The night the enormous cedar fell he was still sleeping with the window open and the door ajar though fall was quickly deadening into winter.  He had only just blown out the lamp and pulled the quilt to his neck when he heard the telltale crack and knew a tree—a big one—was going.  His eyes had not yet adjusted to the dark and it would be through the roof before he could relight the lamp so he sat up and closed his eyes from the dark of the room to the dark of his own eyelids and resigned himself to the tree’s will.  It cracked again, he could see it in the mind’s eye: splintering bark, the fracturing core and its hardwood orange heart, tractionless serpent roots, sphagnum tossed, boring worms uprooted, new detritus.  Then the final horrid ripping of the tendonous wood viscera and he perceived it as fell, reaching, clawing its brothers, perhaps drawn to the cradle of his thin rafters.  Unmoving, he waited for the tree until it settled as hastily as it had fallen in the ossuary of the underbrush some distance away.  Well, it didn’t land on us, so we’ll have it for firewood, he said to the cat who tested the silence with her whiskers.  He turned his pillow over and slept.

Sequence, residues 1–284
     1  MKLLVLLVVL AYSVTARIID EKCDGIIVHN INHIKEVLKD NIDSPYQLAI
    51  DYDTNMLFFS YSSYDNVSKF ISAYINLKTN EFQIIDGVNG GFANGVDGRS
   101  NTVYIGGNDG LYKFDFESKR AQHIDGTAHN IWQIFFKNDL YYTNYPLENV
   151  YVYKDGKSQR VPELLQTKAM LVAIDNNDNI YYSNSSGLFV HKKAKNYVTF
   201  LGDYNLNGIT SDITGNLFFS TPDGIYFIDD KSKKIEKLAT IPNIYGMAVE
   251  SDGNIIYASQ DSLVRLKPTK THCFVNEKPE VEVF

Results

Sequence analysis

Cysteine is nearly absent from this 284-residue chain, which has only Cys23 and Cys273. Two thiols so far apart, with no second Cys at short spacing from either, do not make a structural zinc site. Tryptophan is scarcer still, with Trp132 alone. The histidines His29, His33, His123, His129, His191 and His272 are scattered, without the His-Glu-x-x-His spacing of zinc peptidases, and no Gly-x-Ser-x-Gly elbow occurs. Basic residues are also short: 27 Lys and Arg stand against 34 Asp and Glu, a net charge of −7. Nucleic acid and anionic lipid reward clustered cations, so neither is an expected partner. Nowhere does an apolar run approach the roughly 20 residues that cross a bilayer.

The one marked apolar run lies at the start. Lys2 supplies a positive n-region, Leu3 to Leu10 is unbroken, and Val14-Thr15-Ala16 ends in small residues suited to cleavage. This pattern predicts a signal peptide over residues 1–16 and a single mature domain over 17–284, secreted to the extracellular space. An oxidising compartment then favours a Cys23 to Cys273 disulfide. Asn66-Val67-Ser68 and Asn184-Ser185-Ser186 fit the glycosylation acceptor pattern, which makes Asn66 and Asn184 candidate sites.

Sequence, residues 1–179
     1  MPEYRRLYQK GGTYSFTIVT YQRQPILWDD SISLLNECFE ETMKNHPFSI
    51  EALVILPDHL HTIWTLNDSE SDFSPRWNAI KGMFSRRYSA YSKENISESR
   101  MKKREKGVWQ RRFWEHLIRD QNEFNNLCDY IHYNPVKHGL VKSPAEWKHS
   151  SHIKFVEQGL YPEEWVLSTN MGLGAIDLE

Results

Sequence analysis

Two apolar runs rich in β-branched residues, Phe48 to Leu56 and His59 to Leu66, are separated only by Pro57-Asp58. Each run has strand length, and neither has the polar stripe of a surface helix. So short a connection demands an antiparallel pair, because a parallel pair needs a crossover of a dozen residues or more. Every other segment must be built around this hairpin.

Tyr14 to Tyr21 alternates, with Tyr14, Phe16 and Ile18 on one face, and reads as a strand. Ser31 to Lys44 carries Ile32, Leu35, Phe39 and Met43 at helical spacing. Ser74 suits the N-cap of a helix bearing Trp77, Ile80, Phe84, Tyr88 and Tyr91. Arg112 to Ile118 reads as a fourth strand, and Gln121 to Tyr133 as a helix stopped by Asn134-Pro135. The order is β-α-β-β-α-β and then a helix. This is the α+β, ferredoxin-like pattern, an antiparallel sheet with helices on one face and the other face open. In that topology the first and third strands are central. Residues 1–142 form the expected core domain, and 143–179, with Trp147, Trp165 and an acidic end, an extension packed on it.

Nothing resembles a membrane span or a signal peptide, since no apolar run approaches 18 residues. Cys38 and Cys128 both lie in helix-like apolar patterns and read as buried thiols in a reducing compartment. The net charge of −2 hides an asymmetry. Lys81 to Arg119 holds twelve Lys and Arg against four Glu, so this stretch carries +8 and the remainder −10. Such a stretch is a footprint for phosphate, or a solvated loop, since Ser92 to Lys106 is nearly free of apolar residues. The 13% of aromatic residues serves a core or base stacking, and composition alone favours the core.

When the tree frog’s low croak accompanied the relative warmth of the early sun he mixed the oats with boiling water in the same steel mug that held his coffee when he could come by it.  The stove roared at the damper and he slid it closed with the toe of an unlaced boot as he spooned the sticky oats into his mouth.

K. P. Bushnells is a part-time English professor dividing her time between the U.S. and London. She has a piece of fiction forthcoming in the April 2015 issue of Gravel, and most recently wrote an article on maritime literature for the Oxford Bibliography of Victorian Literature.